Shares ofPanera Bread were looking stale following Wednesday night's earnings report, as the stock dropped 8% after hours on disappointing guidance.
Continue Reading Below
Adjusted earnings per share improved 2%, despite one less week in the quarter, to $1.82. That was enough to beat estimates by a penny, but the bakery chain came up short on the top line. Revenue grew 2% in one less week to $672.5 million, short of estimates at $675.9 million.
Let's take a closer look at why investors are selling.
Same-store sales improved by 3% in the quarter, better than the company's pace for the full year, which increased just 1.1%. Same-store sales are a key measure of restaurant performance because they strip out the impact of new restaurants. While the 3% mark is an improvement over the full year, Panera carries a P/E ratio over 25, and with that number comes the expectation of significant growth. Margins also took a hit because of higher food costs, as management said operating margin fell 140 basis points to 11.5%.
Finally, Panera's guidance seemed to kill the stock after hours, as it projected EPS to be anywhere from flat to seeing a decrease in the mid- to high single digits. Analysts had forecast growth between 1% and 2%. Management is expecting operating margin to fall 100 to 175 basis points because of investments in its Panera 2.0 initiative, higher healthcare costs associated with the Affordable Care Act, and higher labor costs because of minimum-wage increases in some states. Comparable sales in company-owned stores are targeted to grow 2% to 3.5%, and management expects to open 105 to 115 new bakery cafes systemwide, on par with the 114 opened in 2014.
Continue Reading Below
Planning for the future
Though it's easy to see why a projected earnings decline would cause the stock to sell off, Panera's investments in its future shouldn't be discounted. In particular, the Panera 2.0 program looks promising.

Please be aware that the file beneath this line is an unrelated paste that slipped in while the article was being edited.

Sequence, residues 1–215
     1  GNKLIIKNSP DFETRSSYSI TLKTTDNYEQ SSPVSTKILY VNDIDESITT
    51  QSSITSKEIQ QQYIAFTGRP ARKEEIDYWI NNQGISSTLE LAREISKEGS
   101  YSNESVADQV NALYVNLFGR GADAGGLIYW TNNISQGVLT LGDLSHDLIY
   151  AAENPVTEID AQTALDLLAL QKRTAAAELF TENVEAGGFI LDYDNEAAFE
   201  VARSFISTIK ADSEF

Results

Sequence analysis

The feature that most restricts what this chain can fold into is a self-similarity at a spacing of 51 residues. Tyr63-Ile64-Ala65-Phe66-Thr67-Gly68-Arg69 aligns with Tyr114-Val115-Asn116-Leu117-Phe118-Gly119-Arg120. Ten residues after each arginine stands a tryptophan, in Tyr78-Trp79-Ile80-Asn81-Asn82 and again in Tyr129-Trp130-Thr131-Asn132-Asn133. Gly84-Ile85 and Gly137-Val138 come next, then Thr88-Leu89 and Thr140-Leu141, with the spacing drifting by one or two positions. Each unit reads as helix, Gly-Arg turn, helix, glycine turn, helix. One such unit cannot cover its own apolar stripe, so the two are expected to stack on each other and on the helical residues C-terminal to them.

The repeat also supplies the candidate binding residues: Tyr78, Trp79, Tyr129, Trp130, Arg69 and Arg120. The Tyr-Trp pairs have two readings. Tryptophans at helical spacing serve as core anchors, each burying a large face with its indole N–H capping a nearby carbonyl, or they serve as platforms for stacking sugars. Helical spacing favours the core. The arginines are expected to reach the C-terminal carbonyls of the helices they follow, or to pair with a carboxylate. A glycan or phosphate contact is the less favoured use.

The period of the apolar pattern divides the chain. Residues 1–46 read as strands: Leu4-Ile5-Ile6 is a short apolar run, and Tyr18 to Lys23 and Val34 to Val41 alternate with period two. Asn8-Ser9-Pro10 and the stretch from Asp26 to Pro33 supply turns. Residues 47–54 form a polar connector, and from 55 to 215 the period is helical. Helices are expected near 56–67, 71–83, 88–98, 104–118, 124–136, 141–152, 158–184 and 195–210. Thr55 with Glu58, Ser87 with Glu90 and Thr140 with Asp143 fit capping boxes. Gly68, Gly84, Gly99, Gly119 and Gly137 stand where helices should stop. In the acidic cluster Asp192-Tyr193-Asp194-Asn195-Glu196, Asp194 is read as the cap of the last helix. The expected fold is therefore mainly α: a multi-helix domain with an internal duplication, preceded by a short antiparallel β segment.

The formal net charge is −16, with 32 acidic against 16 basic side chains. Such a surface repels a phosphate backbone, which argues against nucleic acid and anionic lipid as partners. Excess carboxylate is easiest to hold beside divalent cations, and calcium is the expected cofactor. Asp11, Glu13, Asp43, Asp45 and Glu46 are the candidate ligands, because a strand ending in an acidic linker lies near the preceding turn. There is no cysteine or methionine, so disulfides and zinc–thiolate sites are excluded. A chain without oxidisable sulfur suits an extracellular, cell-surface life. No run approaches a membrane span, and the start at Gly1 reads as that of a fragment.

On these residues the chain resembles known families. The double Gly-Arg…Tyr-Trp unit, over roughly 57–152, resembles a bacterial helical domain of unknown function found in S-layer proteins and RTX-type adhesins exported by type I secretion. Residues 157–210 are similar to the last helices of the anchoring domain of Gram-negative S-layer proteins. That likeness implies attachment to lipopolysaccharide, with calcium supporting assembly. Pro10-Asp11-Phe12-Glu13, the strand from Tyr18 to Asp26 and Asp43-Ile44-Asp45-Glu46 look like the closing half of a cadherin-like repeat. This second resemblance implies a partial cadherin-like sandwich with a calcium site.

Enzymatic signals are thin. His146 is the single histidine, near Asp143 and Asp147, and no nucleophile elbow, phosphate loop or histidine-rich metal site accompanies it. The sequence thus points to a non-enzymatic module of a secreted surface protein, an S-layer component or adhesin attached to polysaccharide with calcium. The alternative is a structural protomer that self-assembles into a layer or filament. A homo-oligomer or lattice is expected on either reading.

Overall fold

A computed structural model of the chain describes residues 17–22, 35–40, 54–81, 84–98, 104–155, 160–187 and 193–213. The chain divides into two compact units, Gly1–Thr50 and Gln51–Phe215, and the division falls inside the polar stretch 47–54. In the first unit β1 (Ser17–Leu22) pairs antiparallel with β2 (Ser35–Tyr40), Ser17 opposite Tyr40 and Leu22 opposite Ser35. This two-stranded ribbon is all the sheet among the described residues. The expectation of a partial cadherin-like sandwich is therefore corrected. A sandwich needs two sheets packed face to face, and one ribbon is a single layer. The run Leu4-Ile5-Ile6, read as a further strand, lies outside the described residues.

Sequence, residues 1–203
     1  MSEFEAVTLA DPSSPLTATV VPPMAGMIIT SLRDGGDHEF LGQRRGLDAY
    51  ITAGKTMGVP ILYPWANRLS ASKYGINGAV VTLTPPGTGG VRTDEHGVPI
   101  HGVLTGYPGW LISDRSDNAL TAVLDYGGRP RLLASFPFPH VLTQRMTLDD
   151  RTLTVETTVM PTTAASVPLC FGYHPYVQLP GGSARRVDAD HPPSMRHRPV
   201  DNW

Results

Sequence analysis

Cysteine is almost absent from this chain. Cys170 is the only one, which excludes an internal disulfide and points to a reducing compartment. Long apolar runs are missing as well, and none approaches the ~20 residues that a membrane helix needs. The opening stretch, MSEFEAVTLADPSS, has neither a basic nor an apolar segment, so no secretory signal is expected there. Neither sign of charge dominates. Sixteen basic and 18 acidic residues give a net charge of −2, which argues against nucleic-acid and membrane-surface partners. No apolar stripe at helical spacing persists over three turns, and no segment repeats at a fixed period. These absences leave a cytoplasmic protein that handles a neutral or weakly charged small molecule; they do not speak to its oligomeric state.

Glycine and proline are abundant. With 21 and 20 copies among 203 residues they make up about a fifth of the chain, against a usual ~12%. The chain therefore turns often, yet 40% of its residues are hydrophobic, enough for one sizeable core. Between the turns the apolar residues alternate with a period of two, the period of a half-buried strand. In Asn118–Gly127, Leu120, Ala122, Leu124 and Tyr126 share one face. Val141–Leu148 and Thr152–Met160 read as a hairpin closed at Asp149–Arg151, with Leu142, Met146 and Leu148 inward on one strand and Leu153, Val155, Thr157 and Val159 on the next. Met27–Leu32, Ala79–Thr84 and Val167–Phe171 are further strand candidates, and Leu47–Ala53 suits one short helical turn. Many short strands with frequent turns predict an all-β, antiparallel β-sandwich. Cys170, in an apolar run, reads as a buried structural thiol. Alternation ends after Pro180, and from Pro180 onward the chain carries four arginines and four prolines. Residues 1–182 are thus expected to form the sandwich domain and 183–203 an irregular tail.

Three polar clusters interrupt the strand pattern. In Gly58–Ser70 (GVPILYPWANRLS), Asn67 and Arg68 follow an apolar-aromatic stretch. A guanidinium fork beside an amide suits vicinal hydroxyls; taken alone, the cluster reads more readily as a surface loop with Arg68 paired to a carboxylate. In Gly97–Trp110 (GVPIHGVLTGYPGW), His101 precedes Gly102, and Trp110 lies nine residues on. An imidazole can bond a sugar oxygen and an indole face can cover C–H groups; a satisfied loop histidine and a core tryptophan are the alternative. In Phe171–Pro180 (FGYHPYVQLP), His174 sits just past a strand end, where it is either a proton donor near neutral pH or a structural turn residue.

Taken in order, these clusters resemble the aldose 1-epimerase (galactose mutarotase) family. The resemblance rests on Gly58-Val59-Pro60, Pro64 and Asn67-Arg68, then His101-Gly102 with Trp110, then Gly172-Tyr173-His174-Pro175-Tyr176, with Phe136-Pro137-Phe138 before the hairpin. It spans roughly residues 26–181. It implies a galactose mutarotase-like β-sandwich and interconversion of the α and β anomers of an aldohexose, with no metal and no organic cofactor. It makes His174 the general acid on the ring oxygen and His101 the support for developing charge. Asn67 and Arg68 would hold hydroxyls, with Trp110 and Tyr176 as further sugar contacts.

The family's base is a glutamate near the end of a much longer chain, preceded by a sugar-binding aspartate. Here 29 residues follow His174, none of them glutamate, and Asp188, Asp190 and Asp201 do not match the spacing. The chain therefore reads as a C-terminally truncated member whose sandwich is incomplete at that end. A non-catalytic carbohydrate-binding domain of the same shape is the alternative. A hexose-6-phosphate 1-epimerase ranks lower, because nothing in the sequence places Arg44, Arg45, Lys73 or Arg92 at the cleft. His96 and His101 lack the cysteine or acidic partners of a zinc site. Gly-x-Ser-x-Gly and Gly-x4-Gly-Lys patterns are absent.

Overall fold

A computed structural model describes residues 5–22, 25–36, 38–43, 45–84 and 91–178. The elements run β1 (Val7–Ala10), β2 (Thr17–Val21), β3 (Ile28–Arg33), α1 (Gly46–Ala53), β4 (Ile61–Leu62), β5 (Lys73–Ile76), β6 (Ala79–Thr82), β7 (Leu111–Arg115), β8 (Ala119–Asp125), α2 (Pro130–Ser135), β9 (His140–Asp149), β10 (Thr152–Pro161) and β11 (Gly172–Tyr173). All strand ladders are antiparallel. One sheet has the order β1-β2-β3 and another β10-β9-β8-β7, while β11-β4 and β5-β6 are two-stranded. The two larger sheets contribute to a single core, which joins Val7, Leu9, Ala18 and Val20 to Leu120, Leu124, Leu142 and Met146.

Borrowing a page fromStarbucks, the initiative plans to enhance Panera's mobile app and store layout to enable rapid pickup of mobile orders. This approach should encourage more takeout orders, which are more desirable than eat-in orders, and speed up service. In addition, the company will add ordering kiosks so customers can avoid waiting in line at the register, Panera will put employees on the customer side of the counter to verify order accuracy and deliver food to tables, elevating the cafes above the usual fast-food or fast-casual service and adding to its value proposition.
Finally, the company plans separate distribution centers for catering orders, which make up 8% of its business. Building dedicated catering kitchens could lower costs and will help restaurants operate more efficiently and provide better service, as staff will be focused only on in-store orders.
With same-store sales moving only modestly higher and profits expected to fall next year, Panera may seem like a struggling business, but it's not at all. On an individual restaurant basis, the company is one of the best performers in the industry, with average sales of $2.4 million, rivalingChipotleandMcDonald's. CEO Ron Shiach said the current investments will have an adverse impact on 2015 results but noted that investments over the past year are already showing results and that the Panera 2.0 initiative should lead to "expanded medium- and long-term earnings growth."
If he's right, this could be a great time to pick up some Panera stock.
The article Panera Earnings: Don't Be Fooled by the Numbers originally appeared on Fool.com.
Jeremy Bowman owns shares of Chipotle Mexican Grill. The Motley Fool recommends Chipotle Mexican Grill, McDonald's, Panera Bread, and Starbucks. The Motley Fool owns shares of Chipotle Mexican Grill, Panera Bread, and Starbucks. Try any of our Foolish newsletter services free for 30 days. We Fools may not all hold the same opinions, but we all believe that considering a diverse range of insights makes us better investors. The Motley Fool has a disclosure policy.
Copyright 1995 - 2015 The Motley Fool, LLC. All rights reserved. The Motley Fool has a disclosure policy.